I knew ahead of time that I would have a strong reaction to Edvard Munch’s paintings just from reproductions I have seen in the past. Something so personal about the anguish of life that Munch created on canvases–what we humans experience, but don’t dare talk about is what drew me to this museum.
But on arrival at the Museum, I was immediately drawn to a contrasting side of Munch shown in “the Voice,” first created in 1893 for “Study for a Series: Love,” but in 1894 becoming one of his paintings for “The Frieze of Life.” I liked the caption on the poster written in English…to explain to myself life and its meaning. To me, the woman in “Voice” is living in the moment, being, thinking and unusually at one with herself. It made me think that to know anguish and pain, you also have to know joy and contentment.
I was riveted to the 1894 painting “Ashes” because of the power of the woman in body, even though she herself seems lost–not just the cowering man holding his head. One review I read suggests the painting “depicts the end of a love affair, with the man in despair and the woman indifferent…the death of love.” I don’t see that there was ever much love there…but passion, yes.
A study for the 1910-2 painting “Galloping Horse” also caught my attention. It is a reverse image to the painting, a powerful wild-eyed horse galloping down the street, people strewn to the side, jutting mountains in the background forming a V as if making way for the dominant horse to be the one FORCE seen.
We left the deeply impressionist/symbolic work of Munch, to enter the present reality of today…shopping for a Norwegian sweater. If you’ve never had one, I will let you in on a secret truth: they last a lifetime. (I still have one from when I was thirteen, one my cousin Lillebeth knitted for me when I was sixteen, and one I bought for myself when I was visiting Mom in Norway with my kids when they were children.)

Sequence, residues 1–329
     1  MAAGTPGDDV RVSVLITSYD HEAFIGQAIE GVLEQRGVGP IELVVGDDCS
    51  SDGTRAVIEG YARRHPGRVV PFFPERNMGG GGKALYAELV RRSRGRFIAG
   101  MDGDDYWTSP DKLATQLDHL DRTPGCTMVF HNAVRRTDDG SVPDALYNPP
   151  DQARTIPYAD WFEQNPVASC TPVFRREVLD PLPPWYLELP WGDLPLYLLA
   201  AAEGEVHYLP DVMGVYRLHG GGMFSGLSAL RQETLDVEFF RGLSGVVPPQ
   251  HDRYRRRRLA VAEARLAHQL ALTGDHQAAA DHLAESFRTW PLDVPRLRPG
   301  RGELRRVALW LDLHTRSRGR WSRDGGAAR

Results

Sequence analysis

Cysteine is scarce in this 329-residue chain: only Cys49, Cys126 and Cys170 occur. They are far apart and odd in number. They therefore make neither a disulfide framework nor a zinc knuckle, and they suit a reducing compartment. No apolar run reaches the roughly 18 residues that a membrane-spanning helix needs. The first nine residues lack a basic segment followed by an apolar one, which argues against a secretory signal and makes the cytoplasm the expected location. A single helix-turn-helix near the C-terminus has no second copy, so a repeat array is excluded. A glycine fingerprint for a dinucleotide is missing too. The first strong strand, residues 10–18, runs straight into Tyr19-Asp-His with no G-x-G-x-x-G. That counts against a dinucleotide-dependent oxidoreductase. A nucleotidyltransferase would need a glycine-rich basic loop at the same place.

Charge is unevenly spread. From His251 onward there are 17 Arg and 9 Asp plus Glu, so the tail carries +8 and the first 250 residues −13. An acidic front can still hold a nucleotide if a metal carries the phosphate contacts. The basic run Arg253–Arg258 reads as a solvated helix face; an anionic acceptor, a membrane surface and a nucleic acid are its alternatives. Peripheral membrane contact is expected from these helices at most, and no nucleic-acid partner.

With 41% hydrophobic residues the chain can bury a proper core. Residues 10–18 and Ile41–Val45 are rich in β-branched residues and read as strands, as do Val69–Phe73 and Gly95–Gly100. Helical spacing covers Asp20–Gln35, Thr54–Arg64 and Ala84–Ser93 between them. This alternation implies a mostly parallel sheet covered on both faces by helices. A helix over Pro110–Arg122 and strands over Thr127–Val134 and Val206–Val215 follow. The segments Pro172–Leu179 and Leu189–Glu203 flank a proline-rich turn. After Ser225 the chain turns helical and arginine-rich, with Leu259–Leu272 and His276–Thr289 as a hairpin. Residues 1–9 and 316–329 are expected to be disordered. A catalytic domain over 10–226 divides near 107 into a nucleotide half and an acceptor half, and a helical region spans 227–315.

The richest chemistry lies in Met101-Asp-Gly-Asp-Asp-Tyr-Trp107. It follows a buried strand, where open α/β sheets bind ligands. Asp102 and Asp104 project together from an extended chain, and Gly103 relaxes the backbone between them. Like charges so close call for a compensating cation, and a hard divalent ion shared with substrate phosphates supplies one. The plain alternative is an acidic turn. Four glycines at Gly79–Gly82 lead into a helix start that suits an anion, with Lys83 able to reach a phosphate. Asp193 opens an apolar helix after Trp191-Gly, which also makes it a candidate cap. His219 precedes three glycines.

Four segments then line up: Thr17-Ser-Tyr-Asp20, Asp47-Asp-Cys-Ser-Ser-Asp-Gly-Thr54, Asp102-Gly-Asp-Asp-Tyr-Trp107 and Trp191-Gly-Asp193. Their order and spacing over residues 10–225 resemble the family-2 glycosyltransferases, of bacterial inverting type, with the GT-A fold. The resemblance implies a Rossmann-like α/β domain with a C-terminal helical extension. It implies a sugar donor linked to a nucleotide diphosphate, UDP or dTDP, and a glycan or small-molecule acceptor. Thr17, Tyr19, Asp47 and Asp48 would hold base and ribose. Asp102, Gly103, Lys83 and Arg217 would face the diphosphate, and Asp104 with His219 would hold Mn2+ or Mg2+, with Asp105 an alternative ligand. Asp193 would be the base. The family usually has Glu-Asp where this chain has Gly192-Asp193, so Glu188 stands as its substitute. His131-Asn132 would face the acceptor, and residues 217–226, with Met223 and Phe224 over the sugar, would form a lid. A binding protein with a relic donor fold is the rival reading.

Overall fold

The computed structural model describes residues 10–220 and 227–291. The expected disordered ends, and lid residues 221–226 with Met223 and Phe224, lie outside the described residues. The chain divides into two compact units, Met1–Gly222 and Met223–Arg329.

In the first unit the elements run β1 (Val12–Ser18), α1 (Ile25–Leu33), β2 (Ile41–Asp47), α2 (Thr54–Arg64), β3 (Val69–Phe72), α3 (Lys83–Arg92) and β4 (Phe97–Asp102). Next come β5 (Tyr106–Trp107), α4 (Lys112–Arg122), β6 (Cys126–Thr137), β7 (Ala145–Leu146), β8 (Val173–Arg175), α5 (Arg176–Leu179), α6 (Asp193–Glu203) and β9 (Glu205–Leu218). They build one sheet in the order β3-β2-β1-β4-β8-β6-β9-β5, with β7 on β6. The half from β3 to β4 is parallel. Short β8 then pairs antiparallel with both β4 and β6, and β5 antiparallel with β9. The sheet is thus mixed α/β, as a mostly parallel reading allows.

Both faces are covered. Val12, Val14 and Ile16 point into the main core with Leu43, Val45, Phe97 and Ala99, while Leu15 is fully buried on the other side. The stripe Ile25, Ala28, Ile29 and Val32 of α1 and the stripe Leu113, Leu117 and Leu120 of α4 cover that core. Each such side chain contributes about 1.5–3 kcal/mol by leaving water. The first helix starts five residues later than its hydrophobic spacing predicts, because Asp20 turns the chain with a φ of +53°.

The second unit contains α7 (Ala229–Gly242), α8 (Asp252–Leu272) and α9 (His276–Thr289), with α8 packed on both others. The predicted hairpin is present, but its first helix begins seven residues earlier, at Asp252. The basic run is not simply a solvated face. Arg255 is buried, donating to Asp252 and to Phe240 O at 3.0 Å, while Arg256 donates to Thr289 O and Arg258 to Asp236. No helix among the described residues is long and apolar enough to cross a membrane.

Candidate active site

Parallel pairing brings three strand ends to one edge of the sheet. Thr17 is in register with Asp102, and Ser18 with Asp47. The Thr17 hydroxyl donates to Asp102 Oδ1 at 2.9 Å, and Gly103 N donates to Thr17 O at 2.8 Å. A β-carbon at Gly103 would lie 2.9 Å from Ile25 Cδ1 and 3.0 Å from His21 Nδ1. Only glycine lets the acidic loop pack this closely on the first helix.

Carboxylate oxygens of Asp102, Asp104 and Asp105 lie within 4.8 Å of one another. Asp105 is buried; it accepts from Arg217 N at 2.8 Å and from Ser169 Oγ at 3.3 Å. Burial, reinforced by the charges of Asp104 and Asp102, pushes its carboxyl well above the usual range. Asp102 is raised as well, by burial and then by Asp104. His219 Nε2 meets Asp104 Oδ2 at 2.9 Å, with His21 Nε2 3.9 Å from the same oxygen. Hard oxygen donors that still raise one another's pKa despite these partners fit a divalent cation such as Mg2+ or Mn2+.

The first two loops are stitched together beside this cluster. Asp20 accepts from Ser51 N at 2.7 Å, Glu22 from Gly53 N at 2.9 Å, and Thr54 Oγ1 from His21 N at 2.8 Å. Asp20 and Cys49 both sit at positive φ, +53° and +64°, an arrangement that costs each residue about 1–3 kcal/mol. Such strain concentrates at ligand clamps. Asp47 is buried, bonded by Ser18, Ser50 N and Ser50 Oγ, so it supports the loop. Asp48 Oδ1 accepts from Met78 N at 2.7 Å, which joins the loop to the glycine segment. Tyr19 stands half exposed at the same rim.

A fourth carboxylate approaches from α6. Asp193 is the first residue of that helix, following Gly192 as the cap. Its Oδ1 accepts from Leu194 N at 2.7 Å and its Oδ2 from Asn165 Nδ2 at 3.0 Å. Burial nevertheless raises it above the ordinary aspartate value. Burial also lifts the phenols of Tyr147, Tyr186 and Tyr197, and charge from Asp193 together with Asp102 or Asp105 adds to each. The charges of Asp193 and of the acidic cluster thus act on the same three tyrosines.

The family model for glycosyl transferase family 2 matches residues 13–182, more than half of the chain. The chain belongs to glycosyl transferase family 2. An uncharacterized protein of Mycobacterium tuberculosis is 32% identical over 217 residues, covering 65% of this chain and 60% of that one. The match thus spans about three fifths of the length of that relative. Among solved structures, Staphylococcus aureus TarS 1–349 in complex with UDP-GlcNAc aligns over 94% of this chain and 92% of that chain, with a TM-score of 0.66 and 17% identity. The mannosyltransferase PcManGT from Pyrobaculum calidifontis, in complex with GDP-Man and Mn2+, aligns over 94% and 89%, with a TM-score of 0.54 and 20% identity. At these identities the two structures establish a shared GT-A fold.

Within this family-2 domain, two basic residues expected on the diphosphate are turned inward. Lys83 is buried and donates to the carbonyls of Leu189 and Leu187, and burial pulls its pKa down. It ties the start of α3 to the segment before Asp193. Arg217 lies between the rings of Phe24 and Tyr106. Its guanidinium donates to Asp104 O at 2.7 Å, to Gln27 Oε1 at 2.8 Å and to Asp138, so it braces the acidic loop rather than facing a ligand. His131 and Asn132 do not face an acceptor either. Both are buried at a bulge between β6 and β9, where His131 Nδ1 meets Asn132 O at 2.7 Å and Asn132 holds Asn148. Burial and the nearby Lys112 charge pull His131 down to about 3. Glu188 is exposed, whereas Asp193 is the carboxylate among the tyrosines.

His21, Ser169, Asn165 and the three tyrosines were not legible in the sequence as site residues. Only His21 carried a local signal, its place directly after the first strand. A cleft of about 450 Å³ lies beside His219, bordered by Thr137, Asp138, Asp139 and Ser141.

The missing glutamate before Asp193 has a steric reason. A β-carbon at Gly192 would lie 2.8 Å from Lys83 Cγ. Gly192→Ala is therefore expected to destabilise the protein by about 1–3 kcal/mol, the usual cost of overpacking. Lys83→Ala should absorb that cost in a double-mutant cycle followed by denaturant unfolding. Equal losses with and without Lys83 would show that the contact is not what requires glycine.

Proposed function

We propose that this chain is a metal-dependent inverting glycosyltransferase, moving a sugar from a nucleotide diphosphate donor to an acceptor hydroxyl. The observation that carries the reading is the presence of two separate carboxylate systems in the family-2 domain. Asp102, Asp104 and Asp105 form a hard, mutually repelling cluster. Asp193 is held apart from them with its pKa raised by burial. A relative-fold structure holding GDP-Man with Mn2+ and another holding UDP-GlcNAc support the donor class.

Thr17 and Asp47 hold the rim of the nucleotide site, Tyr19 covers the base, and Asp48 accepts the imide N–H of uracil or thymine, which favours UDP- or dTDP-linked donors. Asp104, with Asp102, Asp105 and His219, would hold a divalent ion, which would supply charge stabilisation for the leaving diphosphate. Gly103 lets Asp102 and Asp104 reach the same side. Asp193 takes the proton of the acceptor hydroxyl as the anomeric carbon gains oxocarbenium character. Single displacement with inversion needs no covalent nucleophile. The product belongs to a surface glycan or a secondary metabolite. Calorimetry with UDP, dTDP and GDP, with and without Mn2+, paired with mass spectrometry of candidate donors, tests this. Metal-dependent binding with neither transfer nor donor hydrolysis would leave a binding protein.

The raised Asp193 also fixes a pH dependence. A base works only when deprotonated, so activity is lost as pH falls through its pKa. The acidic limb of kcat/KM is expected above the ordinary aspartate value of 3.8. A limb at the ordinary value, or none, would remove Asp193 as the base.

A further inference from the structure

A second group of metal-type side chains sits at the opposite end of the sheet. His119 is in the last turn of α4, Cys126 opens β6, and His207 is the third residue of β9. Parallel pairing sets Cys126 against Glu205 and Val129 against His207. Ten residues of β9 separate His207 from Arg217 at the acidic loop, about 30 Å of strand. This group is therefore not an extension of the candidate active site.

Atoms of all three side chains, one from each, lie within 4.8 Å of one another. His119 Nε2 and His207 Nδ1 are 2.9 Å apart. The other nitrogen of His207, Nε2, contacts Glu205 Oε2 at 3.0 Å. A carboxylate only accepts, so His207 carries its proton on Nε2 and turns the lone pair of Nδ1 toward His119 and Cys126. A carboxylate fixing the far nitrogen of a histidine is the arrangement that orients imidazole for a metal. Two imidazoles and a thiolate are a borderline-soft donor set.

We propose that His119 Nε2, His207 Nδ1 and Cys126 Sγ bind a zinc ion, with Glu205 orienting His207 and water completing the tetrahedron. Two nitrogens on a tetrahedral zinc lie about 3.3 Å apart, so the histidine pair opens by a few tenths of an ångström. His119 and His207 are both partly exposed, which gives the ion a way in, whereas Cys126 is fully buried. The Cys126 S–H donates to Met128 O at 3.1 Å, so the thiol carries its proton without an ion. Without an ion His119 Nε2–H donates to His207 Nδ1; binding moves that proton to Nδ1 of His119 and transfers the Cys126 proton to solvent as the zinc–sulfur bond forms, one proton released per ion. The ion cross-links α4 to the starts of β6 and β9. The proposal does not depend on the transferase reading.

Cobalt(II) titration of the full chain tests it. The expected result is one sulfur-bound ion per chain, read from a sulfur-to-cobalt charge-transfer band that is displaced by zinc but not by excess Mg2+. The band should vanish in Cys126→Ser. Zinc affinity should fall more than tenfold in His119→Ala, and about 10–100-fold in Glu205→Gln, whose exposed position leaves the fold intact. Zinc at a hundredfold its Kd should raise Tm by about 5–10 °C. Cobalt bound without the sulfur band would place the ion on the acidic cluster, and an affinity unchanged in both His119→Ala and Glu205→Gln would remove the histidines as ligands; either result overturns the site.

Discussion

While Paul went off to look for batteries and SanDisks for his camera, I sweater shopped. And after several hours at several stores, chose a beautiful dark gray and off-white one with a dusty pink scarf for Cora.
On the way back to Lillebeth’s house, we made it to the American Embassy just in time to pick up my passport! Actually, Paul ran ahead lickety-split, and pleaded with the guard to let me in. We were about two minutes late. The guard probably thought THOSE… AMERICANS!
We were a very tired duo when we finally made it back to Lillebeth’s house. She had gone onto Kristiansand to start her summer vacation. She left us her house, an elk steak to cook, and an extraordinary dessert in her fridge: pommes d’amour. One bite of the nutty, buttery, liqueury dessert and I was back in my aunt Tattie’s (my Norwegian grandfather’s sister’s house) for tea. Or was it afternoon coffee?
Next morning, we made our own coffee on Lillebeth’s unusual stove and once again ate some pommes d’amour. There is a God! We locked up the house according to instructions, and a little sadly, wheeled our suitcases to the bus on our way to see Vigeland Park before we caught our train to Kristiansand.